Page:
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  • A Fresh Voice for San Francisco

    Editor's note: I've known Shahid Buttar for years, in his capacity as an activist organizer, drawing on his background as a constitutional lawyer and his deep commitment to a just world to help start effective grassroots groups across America; now Shahid has taken leave from EFF to challenge Nancy Pelosi -- a consistent force for more surveillance and profits over people -- for the Democratic nomination to Congress in San Francisco's 12th District. I'm proud to endorse his candidacy. -Cory (more…)

  • Trump and the weird attention economy of Facebook

    When you try to buy online ads from Facebook's self-serve ad-auctioning platform, merely being the highest bidder isn't enough to guarantee that your ads will get through: Facebook multiplies your bid by a software-generated prediction about how responsive the audience will be to it, so the clickbaitier your ad is, the less it costs to place it. (more…)

  • Marjory Stoneman Douglas High School was surrounded by cowering "good guys with guns"

    While a shooter rampaged through Marjory Stoneman Douglas High School in Parkland, FL, the school's armed cop (who was a Broward County Sheriff's Deputy) and three of his deputy colleagues were hiding behind a police car outside the school. (more…)

  • Gothamist unionized and its evil Trumpist billionaire owner shut it down; now public radio is bringing it back

    Last November, evil Trump-supporting billionaire Joe Ricketts shut down Gothamist (and its sister sites) to punish its staff for forming a union. (more…)

  • Paul Manafort's inability to save Word files as PDFs provided the evidence necessary to indict him for fraud

    Paul Manafort, one-time Trump campaign manager, has been indicted for cooking his books in order to qualify for a loan; prosecutors secured the evidence of his fraud by searching his email, which contained attachments that clearly showed him doctoring his financial statements and then emailing them to his co-conspirator Richard Gates so Gates could convert them to PDFs, which literally just involves selecting "Save As..." and choosing "PDF." (more…)

  • Taking one cent, ever, from the NRA should disqualify you from ever running for office as a Democrat

    New Jersey State Senator Jeff Van Drew wants to run for Congress as a Democrat; he visited 17-year-old Emily McGrath's school, Egg Harbor Township High, where McGrath questioned him about whether he'd taken money from the NRA; Van Drew said he hadn't, and he was lying. (more…)

  • You know who hates Net Neutrality? The NRA.

    It's CPAC! The annual far-right hootenanny for preppers, false-flaggers, climate deniers, truthers, and the sort of person who closes their eyes and thinks of The Fountainhead, featuring Marion Maréchal-Le Pen of France, Nigel Farage, Sean Hannity, and mass-murder enthusiast Wayne LaPierre. (more…)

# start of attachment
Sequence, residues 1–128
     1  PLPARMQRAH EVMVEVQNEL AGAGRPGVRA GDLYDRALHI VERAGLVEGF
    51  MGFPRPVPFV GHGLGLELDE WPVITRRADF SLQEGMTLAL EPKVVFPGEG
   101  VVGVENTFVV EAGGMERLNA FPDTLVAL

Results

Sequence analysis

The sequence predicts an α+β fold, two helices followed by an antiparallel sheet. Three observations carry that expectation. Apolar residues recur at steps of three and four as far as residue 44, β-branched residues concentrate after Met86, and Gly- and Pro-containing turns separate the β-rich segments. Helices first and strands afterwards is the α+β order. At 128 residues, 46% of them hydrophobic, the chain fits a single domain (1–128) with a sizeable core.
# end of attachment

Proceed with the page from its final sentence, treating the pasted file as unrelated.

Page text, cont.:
• Candles for book lovers

    Candles that smell like a bookstore, old books, or a musty old cellar? Pal, you sure like books!

    My home is filled with books, and pets. Guess which one lends more to the olfactory nature of my domicile? Frequently, especially after running the carpet deep-cleaner, I'll want to light a candle... or burn a sage Great Pyrenees in effigy.

    Candle store candles, or simply walking into one of those mall candle-shops, makes me sick-to-my-stomach. Finding candles that help clear the air, rather than fill it with a chemical scent worse than hospital, is pretty tough. Bookstore is working well for me, tho I am not sure which bookstore it is supposed to be. Most of them now smell like their coffee counter.

    Bookstore - Book Lovers' Soy Candle - 8oz Jar via Amazon

    Image via Amazon

  • US Customs and Border Patrol made forging e-passports easier

    One of the things that make every RFID implanted US Passport 'safe' is each document's unique cryptographic identifier. Customs and Border Patrol can use this key to verify the authenticity of each passport, if they'd bother to install the software to do so.

    For 12 years they have not.

    Via Wired:

    Passports, like any physical ID, can be altered and forged. That's partly why for the last 11 years the United States has put RFID chips in the back panel of its passports, creating so-called e-Passports. The chip stores your passport information—like name, date of birth, passport number, your photo, and even a biometric identifier—for quick, machine-readable border checks. And while e-Passports also store a cryptographic signature to prevent tampering or forgeries, it turns out that despite having over a decade to do so, US Customs and Border Protection hasn't deployed the software needed to actually verify it.

    This means that since as far back as 2006, a skilled hacker could alter the data on an e-Passport chip—like the name, photo, or expiration date—without fear that signature verification would alert a border agent to the changes. That could theoretically be enough to slip into countries that allow all-electronic border checks, or even to get past a border patrol agent into the US.

    ...and they need a wall.

  • Black Panther director Ryan Coogler pens a touching thank you to fans

    Following the unprecedented success of his film Black Panther, director Ryan Coogler shared this sweet thank-you letter via the Marvel Studios Twitter account:

    https://twitter.com/marvelstudios/status/966115769388998656?s=11

    The letter reads:

    I am struggling to find the words to express my gratitude at this moment, but I will try. Filmmaking is a team sport. And our team was made up [of] amazing people from all over the world who believed in this story. Deep down we all hoped that people would come to see a film about a fictional country on the continent of Africa, made up of a cast of people of African descent.